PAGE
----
“Just trying to bang some of the rust off and kind of get back to work in a shorter version of practice,” Chizik said. “We got some work in on both sides of the ball, and special teams.”

DAVIS COMMITS: Woodlawn athlete Chris Davis committed to play for Auburn on Saturday, giving the Tigers 23 to date.

Davis is likely to play cornerback and will also probably get chances as a return specialist as well. He chose Auburn where he will almost certainly play defense despite getting looks elsewhere, from schools like South Carolina, to play receiver.

WILDCAT TWIST: Offensive coordinator Gus Malzahn made a surprise move in the Wildcat formation against Alabama when Ben Tate took snaps as the triggerman.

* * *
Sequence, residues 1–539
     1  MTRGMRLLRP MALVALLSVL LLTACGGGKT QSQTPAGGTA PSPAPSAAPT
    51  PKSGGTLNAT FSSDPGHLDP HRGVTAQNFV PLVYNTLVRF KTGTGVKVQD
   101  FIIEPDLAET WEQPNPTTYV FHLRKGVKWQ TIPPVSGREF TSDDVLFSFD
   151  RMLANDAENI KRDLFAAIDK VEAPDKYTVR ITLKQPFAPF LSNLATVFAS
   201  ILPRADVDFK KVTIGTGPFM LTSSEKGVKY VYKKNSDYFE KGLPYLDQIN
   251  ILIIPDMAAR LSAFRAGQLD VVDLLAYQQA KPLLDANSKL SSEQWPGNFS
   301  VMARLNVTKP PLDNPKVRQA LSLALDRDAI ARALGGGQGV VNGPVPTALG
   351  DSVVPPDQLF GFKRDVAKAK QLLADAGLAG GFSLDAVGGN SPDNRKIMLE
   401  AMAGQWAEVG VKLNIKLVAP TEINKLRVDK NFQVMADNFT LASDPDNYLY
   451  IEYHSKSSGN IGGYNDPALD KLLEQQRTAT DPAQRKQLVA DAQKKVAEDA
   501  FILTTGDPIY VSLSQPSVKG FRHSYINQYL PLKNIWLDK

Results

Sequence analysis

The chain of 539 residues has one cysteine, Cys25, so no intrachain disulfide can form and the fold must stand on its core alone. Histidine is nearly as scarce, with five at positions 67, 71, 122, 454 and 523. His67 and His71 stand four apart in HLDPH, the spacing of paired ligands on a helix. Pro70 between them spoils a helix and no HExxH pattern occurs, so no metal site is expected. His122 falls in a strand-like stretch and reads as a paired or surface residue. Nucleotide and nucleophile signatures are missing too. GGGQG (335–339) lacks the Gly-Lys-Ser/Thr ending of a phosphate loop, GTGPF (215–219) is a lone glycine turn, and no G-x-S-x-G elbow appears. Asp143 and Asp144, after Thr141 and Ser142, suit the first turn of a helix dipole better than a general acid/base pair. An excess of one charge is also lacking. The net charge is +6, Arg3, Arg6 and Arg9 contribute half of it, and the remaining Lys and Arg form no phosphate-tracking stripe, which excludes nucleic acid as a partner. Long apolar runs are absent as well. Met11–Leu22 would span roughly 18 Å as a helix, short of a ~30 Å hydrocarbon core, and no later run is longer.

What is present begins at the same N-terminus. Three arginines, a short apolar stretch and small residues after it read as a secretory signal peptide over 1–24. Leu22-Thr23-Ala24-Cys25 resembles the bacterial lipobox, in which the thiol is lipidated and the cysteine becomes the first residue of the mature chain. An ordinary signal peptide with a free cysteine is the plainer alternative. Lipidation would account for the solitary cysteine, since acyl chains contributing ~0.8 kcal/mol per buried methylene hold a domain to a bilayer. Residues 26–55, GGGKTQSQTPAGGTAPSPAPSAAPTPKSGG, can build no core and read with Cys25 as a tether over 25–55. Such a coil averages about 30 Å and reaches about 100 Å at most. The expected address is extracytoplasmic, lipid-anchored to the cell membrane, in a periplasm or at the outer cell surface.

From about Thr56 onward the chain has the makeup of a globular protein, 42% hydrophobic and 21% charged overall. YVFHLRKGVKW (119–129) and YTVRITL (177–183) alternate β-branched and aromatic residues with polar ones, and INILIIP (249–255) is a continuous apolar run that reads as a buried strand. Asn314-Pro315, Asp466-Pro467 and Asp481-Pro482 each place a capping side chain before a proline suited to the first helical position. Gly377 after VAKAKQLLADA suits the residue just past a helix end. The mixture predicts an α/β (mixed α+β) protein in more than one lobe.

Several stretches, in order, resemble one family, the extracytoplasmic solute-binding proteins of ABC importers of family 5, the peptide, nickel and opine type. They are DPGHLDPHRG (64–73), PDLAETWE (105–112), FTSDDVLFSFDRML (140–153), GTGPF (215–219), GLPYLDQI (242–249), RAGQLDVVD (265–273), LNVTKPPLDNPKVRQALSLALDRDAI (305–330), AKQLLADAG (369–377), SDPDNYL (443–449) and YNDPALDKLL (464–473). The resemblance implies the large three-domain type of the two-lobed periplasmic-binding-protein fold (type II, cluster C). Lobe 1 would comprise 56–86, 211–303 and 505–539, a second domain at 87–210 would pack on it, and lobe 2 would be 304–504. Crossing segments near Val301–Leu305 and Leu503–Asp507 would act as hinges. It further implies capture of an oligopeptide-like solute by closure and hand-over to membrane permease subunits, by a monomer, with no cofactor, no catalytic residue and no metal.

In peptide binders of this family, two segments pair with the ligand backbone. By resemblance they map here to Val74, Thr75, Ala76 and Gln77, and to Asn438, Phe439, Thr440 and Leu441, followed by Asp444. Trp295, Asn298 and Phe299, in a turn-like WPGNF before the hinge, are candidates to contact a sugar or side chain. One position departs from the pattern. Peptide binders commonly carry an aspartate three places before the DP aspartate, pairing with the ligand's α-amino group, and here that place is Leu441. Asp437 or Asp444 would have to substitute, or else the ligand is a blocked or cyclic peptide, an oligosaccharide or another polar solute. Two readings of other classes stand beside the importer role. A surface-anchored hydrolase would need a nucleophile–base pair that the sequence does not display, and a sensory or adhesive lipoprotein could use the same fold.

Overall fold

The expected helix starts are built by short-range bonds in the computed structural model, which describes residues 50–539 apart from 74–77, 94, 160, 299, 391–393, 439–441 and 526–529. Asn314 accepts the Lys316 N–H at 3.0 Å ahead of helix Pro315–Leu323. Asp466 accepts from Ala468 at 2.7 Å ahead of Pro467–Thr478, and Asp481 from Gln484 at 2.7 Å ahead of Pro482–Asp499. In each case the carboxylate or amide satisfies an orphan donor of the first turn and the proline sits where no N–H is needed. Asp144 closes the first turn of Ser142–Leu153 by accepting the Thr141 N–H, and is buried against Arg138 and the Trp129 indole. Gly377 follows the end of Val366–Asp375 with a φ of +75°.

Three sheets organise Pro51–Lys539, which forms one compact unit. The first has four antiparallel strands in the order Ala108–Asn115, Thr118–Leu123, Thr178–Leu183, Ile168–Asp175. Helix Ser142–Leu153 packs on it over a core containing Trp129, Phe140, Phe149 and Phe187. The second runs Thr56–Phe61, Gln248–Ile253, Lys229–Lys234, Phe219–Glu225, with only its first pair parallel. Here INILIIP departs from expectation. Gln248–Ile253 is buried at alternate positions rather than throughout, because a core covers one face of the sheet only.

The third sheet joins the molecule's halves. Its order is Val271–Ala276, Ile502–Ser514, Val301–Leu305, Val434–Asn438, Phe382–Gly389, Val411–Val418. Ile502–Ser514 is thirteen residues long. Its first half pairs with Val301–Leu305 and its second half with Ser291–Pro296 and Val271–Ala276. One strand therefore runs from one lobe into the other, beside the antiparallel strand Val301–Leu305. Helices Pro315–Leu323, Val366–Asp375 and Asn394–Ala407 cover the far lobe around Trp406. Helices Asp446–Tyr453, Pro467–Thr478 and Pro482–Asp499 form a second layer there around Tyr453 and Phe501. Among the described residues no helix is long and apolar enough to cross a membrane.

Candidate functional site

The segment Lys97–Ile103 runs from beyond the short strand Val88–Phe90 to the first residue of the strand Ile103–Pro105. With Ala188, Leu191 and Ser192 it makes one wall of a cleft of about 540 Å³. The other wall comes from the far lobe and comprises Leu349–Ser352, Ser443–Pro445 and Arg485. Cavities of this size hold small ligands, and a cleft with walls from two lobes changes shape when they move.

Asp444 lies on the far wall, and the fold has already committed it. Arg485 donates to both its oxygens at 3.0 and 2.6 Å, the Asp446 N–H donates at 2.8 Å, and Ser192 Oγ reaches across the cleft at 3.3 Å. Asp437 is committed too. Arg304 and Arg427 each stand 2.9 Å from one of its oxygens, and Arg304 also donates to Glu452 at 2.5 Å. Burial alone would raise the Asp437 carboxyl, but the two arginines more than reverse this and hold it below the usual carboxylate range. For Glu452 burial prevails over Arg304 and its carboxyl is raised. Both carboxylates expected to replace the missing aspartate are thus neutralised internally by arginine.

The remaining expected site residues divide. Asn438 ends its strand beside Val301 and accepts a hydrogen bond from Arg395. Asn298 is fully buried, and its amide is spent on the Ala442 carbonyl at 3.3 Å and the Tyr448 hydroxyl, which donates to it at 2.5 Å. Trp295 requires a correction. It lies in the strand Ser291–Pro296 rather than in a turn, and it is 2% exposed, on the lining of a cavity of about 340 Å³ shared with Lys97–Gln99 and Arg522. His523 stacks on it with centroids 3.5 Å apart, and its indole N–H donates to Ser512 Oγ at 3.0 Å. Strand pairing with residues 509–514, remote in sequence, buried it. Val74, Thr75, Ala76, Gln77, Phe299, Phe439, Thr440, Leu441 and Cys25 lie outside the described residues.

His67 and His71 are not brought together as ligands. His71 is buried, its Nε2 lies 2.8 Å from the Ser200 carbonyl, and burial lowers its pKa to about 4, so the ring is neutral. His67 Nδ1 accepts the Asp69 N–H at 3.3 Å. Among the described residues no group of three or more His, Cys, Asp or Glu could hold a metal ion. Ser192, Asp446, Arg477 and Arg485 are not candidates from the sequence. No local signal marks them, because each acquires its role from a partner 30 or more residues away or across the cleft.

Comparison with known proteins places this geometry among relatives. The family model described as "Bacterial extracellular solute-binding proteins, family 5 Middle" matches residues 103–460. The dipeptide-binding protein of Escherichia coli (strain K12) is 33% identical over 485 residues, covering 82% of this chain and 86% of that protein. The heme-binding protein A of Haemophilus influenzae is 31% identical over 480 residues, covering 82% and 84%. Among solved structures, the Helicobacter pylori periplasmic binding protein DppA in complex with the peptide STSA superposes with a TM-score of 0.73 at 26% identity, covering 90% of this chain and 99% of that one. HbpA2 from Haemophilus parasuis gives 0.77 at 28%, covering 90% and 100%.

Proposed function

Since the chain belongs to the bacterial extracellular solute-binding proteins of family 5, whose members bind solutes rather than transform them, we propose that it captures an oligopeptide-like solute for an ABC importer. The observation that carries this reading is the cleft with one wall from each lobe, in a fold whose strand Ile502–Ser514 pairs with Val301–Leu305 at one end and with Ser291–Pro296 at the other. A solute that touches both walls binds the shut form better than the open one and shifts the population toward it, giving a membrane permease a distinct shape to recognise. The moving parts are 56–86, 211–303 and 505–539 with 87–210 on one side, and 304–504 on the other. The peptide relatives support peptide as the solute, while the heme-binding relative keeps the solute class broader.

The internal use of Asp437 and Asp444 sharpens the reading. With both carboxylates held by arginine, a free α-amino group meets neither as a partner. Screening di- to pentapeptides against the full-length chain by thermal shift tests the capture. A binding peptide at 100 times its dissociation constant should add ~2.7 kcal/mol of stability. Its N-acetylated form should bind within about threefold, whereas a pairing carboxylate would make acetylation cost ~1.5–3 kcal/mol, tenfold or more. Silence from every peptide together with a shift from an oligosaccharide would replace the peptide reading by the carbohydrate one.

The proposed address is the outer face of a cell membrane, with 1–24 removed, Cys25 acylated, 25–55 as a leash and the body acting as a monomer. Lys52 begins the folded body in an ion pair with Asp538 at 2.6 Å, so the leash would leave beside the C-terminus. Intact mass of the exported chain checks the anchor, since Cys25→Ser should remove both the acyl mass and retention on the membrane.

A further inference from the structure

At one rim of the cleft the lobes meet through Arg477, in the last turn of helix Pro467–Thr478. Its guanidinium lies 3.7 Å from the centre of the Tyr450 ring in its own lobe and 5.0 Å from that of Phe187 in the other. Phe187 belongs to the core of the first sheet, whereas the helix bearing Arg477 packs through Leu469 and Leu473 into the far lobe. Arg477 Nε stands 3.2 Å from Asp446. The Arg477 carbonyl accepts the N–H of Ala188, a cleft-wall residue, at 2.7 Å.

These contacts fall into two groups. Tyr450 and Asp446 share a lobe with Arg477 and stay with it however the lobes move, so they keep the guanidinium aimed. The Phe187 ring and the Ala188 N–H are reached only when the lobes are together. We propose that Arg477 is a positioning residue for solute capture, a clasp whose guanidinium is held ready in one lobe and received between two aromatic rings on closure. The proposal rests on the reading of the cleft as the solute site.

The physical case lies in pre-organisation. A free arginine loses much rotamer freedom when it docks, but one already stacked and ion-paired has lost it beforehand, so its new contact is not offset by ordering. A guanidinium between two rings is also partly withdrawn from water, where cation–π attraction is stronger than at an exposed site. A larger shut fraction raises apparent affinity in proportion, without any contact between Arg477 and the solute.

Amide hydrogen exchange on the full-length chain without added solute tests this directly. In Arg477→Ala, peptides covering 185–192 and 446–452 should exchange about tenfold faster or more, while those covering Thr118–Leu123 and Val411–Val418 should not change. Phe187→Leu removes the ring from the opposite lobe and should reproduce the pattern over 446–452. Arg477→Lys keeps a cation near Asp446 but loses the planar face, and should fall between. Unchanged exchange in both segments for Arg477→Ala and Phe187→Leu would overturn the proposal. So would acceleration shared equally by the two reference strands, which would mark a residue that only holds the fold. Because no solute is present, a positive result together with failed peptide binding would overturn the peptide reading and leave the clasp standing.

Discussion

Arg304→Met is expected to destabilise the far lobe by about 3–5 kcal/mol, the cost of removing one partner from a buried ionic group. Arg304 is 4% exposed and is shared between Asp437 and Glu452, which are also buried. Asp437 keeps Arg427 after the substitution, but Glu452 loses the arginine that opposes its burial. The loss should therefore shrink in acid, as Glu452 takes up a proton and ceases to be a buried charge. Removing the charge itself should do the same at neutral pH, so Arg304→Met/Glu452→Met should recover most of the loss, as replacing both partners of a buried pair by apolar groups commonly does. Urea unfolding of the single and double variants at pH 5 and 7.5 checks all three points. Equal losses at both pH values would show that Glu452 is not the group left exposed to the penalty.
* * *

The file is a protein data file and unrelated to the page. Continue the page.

There might be more alterations on tap when Auburn plays Northwestern in the Outback Bowl.

RB Onterio McCalebb took a few snaps as the Wildcat triggerman, working with both Mario Fannin and Ben Tate in the formation.

Kodi Burns, a converted quarterback, has taken virtually all the Wildcat snaps this season, giving Auburn a throwing presence out of the formation as well.

Friday, November 13, 2009

Four-star WR Reed commits to Auburn

A week after Auburn landed one of the nation’s top tailbacks, the Tigers also grabbed a commitment from a top receiver on Friday.

Trovon Reed, a receiver from Thibodaux (La.), announced his attentions to play for Auburn on Friday after agreeing to play in the U.S. Army All-American Game. ranks Reed as a four-star prospect and the No. 5 receiver nationally.